Telephone complaints don't get the best results, as it's often difficult to get through to someone who is able to help you. If you must complain by phone, gather all your information together before you make your call. When you phone, jot down the names of the people you talk to. Don't be put off. Keep asking to talk to someone willing and able to help you. When you get through to that person, explain your problem clearly. Then ask exactly what will be done about it, and when. Make sure you go over what has been agreed before hanging up the phone.

Follow up with a letter which describes the agreement, and keep a copy. Written complaints work best. Your letter should be short, neat, and typed if possible.

Negotiating a Consumer Complaint

Read the complaint letter checklist for a list of information to put in your letter. Try to keep it to one page, and address it to a named person if you can. (You may have to call the business first to find out who would deal with your problem.) Send your letter by certified or registered mail so that you can prove you sent it. Keep a copy.

Complaint letter checklist

When you write a letter of complaint, include:

your name and address

a telephone number where you can be reached during the day

the name or type of product or service you bought

the price you paid

the date and place of your purchase

a description of the problem and what you've done to try to solve it

what you want the company to do about the problem

copies of receipts or other documents

Whichever method you choose, you'll get the best results if you prepare before you complain.

Follow these guidelines:

Decide exactly what your problem is, and who you think is responsible. Be fair about this. If you are unhappy with an item because you've changed your mind about the colour or model you want, you don't have a reasonable complaint. If there is something wrong with the item, or it doesn't live up to the claims made by advertisements or salespeople, you have every right to complain.

Get your facts in order, so that you can explain your problem briefly and clearly.

Complain promptly. This is most important if you are dealing with a product or service with a limited-time warranty.

Complain to the right person. Start with the person you first dealt with, or the customer service department. If they can't help, ask for the name of someone who can. Keep a note of the people you speak with, and what they have said.

When you complain, your behaviour is very important. Be firm, assertive, and persistent, but stay calm and reasonable. Don't apologize for complaining. You have a right to complain about shoddy products or poor service.

Show any documents (warranties, bills, sales slips, advertising material, etc.) you may have to support your claim. Don't give the original copies away, make photocopies.

Say what you want done, and suggest a reasonable length of time for solving the problem. Do you want the item repaired or replaced? Do you want a refund? Will you take a credit note? Think over carefully any offer the business makes.

Don't give up. If the business won't help you, take your complaint to a consumer agency. Ask for advice from local consumer organizations, the Better Business Bureau, or your local chamber of commerce. You might also get in touch with any industrial or trade associations to which the company belongs, and ask for help.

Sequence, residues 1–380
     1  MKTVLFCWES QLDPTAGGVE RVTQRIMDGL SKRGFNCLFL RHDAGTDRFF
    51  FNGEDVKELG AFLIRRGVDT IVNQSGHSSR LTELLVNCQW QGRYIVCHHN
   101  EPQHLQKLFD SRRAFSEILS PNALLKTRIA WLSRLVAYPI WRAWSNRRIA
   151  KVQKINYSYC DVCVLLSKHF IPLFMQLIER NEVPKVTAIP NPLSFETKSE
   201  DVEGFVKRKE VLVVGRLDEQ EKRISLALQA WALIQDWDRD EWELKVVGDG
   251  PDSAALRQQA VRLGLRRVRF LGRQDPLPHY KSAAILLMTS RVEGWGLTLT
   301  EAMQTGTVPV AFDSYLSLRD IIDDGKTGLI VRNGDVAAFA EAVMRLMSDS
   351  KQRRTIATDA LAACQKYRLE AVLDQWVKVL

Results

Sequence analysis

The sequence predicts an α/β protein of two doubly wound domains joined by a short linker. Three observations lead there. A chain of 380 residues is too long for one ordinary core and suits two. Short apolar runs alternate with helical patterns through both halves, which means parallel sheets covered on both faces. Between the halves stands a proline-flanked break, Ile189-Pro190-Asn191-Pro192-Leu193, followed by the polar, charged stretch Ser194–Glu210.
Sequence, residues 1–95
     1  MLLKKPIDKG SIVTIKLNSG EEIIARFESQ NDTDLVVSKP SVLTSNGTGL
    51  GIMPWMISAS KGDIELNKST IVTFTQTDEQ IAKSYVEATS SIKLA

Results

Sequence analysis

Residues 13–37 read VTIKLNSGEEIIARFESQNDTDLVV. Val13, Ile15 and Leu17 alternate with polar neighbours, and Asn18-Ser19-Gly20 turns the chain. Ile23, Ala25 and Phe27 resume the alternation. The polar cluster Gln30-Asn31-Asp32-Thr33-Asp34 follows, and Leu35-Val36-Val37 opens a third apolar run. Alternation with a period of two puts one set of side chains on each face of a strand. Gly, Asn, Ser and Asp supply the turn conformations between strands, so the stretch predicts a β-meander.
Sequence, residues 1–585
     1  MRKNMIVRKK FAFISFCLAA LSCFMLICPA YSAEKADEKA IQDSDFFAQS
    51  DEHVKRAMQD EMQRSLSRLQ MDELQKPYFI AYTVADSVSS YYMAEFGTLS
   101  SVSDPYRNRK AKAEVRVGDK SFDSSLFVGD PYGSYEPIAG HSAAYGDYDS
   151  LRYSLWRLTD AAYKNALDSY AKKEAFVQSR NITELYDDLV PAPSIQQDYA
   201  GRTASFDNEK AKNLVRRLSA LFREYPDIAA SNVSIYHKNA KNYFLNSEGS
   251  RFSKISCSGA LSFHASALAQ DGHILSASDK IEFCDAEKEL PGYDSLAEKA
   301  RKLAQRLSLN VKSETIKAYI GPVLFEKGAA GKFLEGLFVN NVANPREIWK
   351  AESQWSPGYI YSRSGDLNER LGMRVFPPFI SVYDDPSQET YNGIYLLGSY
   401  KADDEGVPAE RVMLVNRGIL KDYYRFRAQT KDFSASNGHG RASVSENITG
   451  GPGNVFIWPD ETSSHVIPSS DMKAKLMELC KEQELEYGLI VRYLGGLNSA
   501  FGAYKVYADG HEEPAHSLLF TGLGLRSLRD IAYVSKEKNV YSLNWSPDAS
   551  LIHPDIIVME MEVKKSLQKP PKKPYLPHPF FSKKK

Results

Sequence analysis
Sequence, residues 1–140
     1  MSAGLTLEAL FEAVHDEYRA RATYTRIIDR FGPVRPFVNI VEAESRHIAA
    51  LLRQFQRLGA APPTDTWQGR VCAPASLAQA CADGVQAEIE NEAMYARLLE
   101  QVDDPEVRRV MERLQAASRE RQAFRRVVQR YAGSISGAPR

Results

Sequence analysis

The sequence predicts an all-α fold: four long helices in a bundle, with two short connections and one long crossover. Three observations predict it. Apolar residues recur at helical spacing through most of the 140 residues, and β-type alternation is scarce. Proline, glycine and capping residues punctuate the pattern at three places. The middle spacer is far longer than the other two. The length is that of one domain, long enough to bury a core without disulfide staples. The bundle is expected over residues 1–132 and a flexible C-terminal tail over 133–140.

Where to go if you need more Help

California Department of Consumer Affairs

Los Angeles County Department of Consumer Affairs

Better Business Bureau

Negotiating a Consumer Complaint

Merchant's guide to dealing with complaints

Always take complaints seriously, no matter how trivial they may seem to you. Small complaints can lead to bigger problems and loss of business. Follow these steps:

Set up a complaint handling system, and be sure your staff know about it. You may want to ask staff to fill out complaint forms, which describe the problem and the action taken.
Listen carefully and politely to the customer's problems. Explain the situation from your point of view. Admit any errors frankly.
Be prepared to negotiate. Suppose a customer has asked for a refund on an item of clothing, even though the deadline for making refunds has passed. Perhaps the customer has been ill, or the weather has been extremely bad. Consider allowing the customer to exchange the item for another item of equal value.
Co-operate with any government consumer relations officer, lawyer, newspaper consumer columnist, or other mediator brought in to help resolve the problem. Describe your side of the dispute so the mediator can help find a satisfactory solution.
Avoid conflict by communicating clearly
Be clear about exchanges and refunds. This is one of the best ways to reduce complaints.
Post notices about your store's refund and exchange policy so customers and staff can easily read them.
Be specific. "Absolutely no refunds or exchanges" is more straightforward than "Sales are final."
If you offer exchanges or credits, but not refunds, make sure customers understand the difference.
Clearly identify any exceptions to your policy. For example, if you exchange all items of clothing except bathing suits, make sure customers know this.
Make sure customers understand the conditions under which you will make refunds or exchanges. If they need a sales receipt, or a time limit exists, state this clearly. Communicate clearly with staff and customers. Be sure your staff know how long deliveries, repairs, and other services will take. Don't let them make promises you can't keep. If you can't deliver on the date promised, call the customer and explain the circumstances. Don't use misleading terms. Don't claim that something will last "a lifetime" if it will only last five years with normal use. Know your obligations. Be sure you and your staff are familiar with consumer protection legislation.